Beefy Boxes and Bandwidth Generously Provided by pair Networks
No such thing as a small change
 
PerlMonks  

comment on

( #3333=superdoc: print w/replies, xml ) Need Help??
Berkley DB has been mentioned a few times here. I think that this is probably the best idea in your situation (though I would strongly encourage migrating to a good sturdy DBMS (if you are sorting that much data). For just a couple hundred records, you will probably not notice much difference, but if this sucker is getting big... Well...

Of course, you should use a database hash and that will sort things out nicely

Another thought, is that you can breathe a LOT of life into flatfiles with a few simple methods.
One simple one is to use your filesystem to provide some of the services of a DBMS, but I don't really recommend that (IE, directories labelled as user numbers)
Another idea is to put some forethought into your file format. You can put tables in the front to sort the data, run simple hashes over files to speed up searching, use tree implementations and such. An important fact is that you don't actually need to visit each record in order to search a file. If the data is ordered, you can order records, and search positionally (kind of like the number game where the computer says "higher" or "lower"). This will speed up your search time exponentially (literally). Search time for a B-Tree is log(2)n visitations, through the judicious use of file pointers, this can be used in any which way you like. The simple fact of the matter though, is that implementing such a system is rather mind racking (there is probably a pm that allows something to this effect).

I personally would try splitting your file across some criteria into smaller files, which can be searched flatly, and hand it off to IT for a proper DBMS if access time gets to be a problem.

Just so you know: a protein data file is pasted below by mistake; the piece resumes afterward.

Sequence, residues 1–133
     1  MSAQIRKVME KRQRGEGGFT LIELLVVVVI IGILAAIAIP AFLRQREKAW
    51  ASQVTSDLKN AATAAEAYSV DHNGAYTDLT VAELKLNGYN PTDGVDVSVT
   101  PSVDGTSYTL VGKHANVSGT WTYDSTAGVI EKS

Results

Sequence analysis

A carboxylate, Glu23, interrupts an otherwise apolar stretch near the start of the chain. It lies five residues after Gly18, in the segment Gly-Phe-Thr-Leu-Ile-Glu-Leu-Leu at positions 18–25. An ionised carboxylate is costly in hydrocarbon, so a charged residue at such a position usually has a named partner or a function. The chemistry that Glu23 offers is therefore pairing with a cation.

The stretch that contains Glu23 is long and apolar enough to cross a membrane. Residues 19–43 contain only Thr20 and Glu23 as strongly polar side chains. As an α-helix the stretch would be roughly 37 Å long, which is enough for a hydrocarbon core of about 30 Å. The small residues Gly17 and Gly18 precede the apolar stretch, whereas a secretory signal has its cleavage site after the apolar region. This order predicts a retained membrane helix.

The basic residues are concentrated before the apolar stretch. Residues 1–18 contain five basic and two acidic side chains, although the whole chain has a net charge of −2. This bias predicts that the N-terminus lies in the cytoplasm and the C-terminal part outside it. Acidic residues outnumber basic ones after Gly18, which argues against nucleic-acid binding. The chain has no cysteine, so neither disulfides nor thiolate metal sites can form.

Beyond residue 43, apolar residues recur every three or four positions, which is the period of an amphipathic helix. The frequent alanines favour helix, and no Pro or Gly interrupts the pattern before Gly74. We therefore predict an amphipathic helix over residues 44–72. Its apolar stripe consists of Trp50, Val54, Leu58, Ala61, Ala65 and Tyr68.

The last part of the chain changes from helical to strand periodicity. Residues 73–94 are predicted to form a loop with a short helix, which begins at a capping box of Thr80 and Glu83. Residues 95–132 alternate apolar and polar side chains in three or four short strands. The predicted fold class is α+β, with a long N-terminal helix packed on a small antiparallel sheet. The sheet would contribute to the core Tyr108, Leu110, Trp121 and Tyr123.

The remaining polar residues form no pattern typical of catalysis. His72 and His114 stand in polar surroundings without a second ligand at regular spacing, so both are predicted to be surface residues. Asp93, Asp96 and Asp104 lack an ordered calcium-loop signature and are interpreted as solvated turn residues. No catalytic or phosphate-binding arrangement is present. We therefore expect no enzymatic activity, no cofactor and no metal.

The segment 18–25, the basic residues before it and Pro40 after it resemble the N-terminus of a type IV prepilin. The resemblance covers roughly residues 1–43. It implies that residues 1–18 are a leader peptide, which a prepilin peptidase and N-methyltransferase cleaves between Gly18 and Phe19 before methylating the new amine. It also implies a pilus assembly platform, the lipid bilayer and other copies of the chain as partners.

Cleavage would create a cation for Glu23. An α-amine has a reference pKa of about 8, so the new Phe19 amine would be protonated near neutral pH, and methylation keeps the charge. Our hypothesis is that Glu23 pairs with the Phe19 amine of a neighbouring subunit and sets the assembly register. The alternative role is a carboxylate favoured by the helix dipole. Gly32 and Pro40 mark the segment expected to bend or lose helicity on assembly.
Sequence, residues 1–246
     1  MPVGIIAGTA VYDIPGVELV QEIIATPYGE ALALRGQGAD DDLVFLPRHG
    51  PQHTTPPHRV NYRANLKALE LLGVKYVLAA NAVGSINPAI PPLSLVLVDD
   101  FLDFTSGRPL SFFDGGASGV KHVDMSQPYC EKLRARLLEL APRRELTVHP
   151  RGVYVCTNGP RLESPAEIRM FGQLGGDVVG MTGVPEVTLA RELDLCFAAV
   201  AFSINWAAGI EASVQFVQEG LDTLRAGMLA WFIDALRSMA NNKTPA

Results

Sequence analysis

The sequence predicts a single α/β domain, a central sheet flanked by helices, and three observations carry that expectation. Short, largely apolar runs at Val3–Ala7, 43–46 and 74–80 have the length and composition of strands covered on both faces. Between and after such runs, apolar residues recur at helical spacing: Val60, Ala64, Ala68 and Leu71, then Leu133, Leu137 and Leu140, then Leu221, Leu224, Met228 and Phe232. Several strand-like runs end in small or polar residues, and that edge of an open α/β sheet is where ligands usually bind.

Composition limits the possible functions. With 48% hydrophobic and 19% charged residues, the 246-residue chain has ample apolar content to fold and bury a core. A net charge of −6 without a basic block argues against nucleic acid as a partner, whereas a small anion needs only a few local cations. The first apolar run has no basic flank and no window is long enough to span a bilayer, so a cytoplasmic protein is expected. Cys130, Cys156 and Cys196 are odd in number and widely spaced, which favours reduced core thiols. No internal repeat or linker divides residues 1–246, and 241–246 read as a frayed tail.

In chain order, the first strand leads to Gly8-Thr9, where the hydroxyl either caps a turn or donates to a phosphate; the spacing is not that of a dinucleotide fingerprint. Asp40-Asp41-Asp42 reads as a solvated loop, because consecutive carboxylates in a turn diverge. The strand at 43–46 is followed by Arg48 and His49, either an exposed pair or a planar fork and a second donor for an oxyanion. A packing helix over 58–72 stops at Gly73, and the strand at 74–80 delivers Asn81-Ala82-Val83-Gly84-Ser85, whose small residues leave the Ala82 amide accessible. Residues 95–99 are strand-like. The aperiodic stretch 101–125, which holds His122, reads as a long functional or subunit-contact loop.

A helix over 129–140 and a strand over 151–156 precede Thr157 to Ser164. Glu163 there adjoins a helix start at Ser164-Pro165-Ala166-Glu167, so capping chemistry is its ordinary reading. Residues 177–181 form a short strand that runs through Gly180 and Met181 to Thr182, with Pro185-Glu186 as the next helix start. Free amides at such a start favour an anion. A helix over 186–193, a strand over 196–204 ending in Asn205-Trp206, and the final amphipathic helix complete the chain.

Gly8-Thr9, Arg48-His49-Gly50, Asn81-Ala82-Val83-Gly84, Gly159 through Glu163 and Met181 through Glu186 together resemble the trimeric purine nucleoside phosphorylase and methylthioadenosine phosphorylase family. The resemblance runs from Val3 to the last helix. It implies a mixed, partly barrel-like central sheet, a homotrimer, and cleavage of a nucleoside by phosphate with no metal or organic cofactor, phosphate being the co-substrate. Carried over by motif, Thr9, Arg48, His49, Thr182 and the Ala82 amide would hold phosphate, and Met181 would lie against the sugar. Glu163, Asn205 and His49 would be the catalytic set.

Just Another Perl Backpacker

In reply to Re: When is a flat file DB not enough? by Nitsuj
in thread When is a flat file DB not enough? by TrinityInfinity

Title:
Use:  <p> text here (a paragraph) </p>
and:  <code> code here </code>
to format your post; it's "PerlMonks-approved HTML":



  • Are you posting in the right place? Check out Where do I post X? to know for sure.
  • Posts may use any of the Perl Monks Approved HTML tags. Currently these include the following:
    <code> <a> <b> <big> <blockquote> <br /> <dd> <dl> <dt> <em> <font> <h1> <h2> <h3> <h4> <h5> <h6> <hr /> <i> <li> <nbsp> <ol> <p> <small> <strike> <strong> <sub> <sup> <table> <td> <th> <tr> <tt> <u> <ul>
  • Snippets of code should be wrapped in <code> tags not <pre> tags. In fact, <pre> tags should generally be avoided. If they must be used, extreme care should be taken to ensure that their contents do not have long lines (<70 chars), in order to prevent horizontal scrolling (and possible janitor intervention).
  • Want more info? How to link or or How to display code and escape characters are good places to start.
Log In?
Username:
Password:

What's my password?
Create A New User
Domain Nodelet?
Chatterbox?
and the web crawler heard nothing...

How do I use this? | Other CB clients
Other Users?
Others chanting in the Monastery: (2)
As of 2022-06-25 23:25 GMT
Sections?
Information?
Find Nodes?
Leftovers?
    Voting Booth?
    My most frequent journeys are powered by:









    Results (83 votes). Check out past polls.

    Notices?